In 2011, large cap pharma focused on returning significant amounts of cash to shareholders, shunning large acquisitions while increasing dividends and buybacks. That trend will likely hold for 2012. During Q4 2011, Pfizer repurchased more than $2.5 billion of company shares, bringing the 2011 total to $9 billion. The Board of Directors further approved a new $10 billion share repurchase program with the intent to purchase an additional $5 billion in shares during 2012. Read stated that, “this amount does not include any repurchases that could result from actions taken related to our Nutrition and Animal Health business.” Additionally, Pfizer announced a target payout ratio of 40% by 2013. Pfizer is also one of Ken Fisher’s favorite dividend stock picks.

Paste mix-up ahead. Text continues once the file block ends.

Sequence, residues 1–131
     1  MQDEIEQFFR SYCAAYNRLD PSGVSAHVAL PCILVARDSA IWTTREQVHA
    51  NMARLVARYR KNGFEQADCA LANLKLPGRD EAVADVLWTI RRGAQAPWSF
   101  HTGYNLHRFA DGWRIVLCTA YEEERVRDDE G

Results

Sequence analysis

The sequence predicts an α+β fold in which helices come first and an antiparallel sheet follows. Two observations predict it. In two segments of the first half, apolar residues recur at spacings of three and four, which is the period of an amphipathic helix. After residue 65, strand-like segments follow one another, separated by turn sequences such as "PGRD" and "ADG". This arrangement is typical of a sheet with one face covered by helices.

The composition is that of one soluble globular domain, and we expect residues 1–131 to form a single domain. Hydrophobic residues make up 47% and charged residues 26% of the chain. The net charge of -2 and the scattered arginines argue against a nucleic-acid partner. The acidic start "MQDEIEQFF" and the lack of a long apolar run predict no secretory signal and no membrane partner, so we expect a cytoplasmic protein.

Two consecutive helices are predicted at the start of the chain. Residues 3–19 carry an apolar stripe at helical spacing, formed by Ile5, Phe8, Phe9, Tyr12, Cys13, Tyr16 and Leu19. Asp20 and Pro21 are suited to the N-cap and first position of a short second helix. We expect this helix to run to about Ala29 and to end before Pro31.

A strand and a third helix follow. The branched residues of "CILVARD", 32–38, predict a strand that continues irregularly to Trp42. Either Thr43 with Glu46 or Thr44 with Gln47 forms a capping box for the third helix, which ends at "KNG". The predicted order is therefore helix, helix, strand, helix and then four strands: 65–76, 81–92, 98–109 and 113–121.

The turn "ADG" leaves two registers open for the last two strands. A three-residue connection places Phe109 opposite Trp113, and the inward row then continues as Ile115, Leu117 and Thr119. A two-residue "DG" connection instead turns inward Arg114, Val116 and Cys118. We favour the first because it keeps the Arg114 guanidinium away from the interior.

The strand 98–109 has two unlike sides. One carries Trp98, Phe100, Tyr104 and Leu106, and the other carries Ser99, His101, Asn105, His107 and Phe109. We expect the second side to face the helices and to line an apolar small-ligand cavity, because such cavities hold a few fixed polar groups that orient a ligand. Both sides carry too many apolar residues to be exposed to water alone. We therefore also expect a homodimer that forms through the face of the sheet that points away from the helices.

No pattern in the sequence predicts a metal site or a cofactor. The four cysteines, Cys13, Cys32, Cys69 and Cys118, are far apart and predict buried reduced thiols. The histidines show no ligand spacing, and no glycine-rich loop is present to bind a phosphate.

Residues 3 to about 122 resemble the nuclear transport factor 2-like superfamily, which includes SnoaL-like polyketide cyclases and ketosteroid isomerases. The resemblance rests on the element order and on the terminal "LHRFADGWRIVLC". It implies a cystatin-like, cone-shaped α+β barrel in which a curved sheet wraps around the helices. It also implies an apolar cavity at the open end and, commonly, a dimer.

Despite the recent increase in share price, Pfizer’s valuation still remains among the lowest in the large cap pharma space (Bristol-Myers Squibb, Eli Lilly, Merck, Abbott, J&J) at 9.5x 2012E earnings versus a comparable universe mean of 12.6x.
With a promising pipeline of drugs targeting attractive markets, restructuring plans that will serve to unlock value, a rising dividend, and an undervalued stock price relative to its peers, Pfizer has solid post-patent cliff profile that will drive outperformance in 2012. Any positive data for its pipeline drugs should drive the stock price upwards. Strong fundamentals seem to have been identified by a number of insiders and fund managers as well including Ken Fisher and Bill Miller. Risks to consider include more severe Lipitor generic erosion, hiccups with regards to FDA approvals, and the lack of materialization of cost synergies from the Wyeth merger.